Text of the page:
Women in Colombia, as elsewhere, face many forms of physical and psychological genderbased violence in many contexts – in the home, at work and in the community. They are not alone in facing a situation where such violence, and in particular sexual violence, is so entrenched that it is viewed almost as a normal part of life. However, women and girls in Colombia face particularly acute dangers because of the way in which gender-based violence has been used in the context of the armed conflict.
For more than 45 years, people in Colombia have endured an internal armed conflict that has pitted the security forces, acting alone or in collusion with paramilitaries, against a range of guerrilla groups. Civilians have been the main victims of the conflict and the human rights consequences have been catastrophic for some sectors, such as Indigenous Peoples, Afrodescendent and peasant farmer communities, human rights defenders, trade unionists, and women and girls.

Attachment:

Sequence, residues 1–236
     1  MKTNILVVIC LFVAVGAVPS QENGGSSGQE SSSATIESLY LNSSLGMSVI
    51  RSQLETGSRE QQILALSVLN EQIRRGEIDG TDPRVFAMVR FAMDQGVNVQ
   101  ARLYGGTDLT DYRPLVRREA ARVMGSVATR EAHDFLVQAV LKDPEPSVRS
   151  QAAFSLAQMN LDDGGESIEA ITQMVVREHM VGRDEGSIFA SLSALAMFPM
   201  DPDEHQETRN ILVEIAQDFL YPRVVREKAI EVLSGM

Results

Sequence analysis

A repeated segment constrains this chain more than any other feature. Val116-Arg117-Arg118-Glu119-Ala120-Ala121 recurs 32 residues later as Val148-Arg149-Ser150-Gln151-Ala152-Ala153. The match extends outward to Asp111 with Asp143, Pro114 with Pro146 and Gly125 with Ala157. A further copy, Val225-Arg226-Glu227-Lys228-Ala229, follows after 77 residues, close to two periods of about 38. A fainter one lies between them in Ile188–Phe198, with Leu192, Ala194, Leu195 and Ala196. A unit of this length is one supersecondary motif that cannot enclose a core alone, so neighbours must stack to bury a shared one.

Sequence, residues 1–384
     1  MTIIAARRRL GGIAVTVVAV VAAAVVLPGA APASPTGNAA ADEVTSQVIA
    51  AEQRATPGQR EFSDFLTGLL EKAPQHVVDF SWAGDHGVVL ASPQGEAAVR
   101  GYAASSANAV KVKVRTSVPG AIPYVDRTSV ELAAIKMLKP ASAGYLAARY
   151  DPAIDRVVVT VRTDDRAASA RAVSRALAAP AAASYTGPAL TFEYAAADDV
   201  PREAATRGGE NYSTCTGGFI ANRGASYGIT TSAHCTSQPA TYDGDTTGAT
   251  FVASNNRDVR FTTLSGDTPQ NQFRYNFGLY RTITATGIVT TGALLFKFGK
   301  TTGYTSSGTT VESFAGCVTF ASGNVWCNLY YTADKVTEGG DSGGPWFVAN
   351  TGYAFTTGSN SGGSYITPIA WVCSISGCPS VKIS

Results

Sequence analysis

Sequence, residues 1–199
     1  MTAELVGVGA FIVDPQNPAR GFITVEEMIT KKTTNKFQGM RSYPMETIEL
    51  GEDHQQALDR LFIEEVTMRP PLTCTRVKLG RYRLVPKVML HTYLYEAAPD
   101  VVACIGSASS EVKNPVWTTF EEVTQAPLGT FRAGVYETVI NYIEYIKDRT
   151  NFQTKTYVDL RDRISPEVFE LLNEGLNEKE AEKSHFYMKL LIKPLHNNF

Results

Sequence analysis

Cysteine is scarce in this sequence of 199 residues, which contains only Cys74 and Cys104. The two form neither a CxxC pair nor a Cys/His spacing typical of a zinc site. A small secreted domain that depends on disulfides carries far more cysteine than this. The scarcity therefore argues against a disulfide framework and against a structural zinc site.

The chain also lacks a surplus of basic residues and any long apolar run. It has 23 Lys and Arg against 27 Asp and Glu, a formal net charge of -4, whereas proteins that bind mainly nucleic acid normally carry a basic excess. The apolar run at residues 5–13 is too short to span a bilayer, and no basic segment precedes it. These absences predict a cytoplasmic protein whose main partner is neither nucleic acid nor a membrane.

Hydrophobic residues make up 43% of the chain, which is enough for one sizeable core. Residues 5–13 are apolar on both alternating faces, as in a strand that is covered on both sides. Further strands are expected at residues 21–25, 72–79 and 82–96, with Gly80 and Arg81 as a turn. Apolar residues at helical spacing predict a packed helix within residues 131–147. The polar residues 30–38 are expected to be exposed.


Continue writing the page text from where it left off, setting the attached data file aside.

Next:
While some women are targeted for reasons other than their gender, many are singled out simply because they are women and for reasons inherently linked to the conflict – to sow terror within communities to force them to flee; to wreak revenge on the enemy; to control the sexual and reproductive rights of female combatants; or to exploit women and girls as sexual slaves. Women human rights defenders are also targeted to silence or punish them when they expose abuses. Over the last few years there has been a marked increase in threats against such women leaders, especially those working with forcibly displaced communities, campaigning for land restitution, or representing survivors of conflict-related sexual violence.